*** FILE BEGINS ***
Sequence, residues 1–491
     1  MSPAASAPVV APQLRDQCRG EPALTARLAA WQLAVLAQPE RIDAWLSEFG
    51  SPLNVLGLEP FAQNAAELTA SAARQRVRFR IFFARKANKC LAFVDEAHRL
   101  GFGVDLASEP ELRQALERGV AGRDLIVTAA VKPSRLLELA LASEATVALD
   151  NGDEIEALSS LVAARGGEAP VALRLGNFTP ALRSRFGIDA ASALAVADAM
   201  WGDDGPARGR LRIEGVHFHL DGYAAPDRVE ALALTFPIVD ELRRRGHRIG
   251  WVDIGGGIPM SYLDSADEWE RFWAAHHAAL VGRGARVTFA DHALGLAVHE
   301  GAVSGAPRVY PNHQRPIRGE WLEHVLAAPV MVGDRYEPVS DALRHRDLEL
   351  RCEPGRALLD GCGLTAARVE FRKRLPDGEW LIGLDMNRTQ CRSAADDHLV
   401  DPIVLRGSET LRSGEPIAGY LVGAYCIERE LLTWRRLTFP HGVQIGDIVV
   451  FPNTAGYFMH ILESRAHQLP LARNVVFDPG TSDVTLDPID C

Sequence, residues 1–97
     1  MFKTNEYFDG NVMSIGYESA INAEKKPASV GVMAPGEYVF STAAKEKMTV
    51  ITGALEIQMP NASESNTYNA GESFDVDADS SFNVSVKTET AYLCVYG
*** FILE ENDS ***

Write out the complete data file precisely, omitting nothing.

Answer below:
Sequence, residues 1–491
     1  MSPAASAPVV APQLRDQCRG EPALTARLAA WQLAVLAQPE RIDAWLSEFG
    51  SPLNVLGLEP FAQNAAELTA SAARQRVRFR IFFARKANKC LAFVDEAHRL
   101  GFGVDLASEP ELRQALERGV AGRDLIVTAA VKPSRLLELA LASEATVALD
   151  NGDEIEALSS LVAARGGEAP VALRLGNFTP ALRSRFGIDA ASALAVADAM
   201  WGDDGPARGR LRIEGVHFHL DGYAAPDRVE ALALTFPIVD ELRRRGHRIG
   251  WVDIGGGIPM SYLDSADEWE RFWAAHHAAL VGRGARVTFA DHALGLAVHE
   301  GAVSGAPRVY PNHQRPIRGE WLEHVLAAPV MVGDRYEPVS DALRHRDLEL
   351  RCEPGRALLD GCGLTAARVE FRKRLPDGEW LIGLDMNRTQ CRSAADDHLV
   401  DPIVLRGSET LRSGEPIAGY LVGAYCIERE LLTWRRLTFP HGVQIGDIVV
   451  FPNTAGYFMH ILESRAHQLP LARNVVFDPG TSDVTLDPID C

Sequence, residues 1–97
     1  MFKTNEYFDG NVMSIGYESA INAEKKPASV GVMAPGEYVF STAAKEKMTV
    51  ITGALEIQMP NASESNTYNA GESFDVDADS SFNVSVKTET AYLCVYG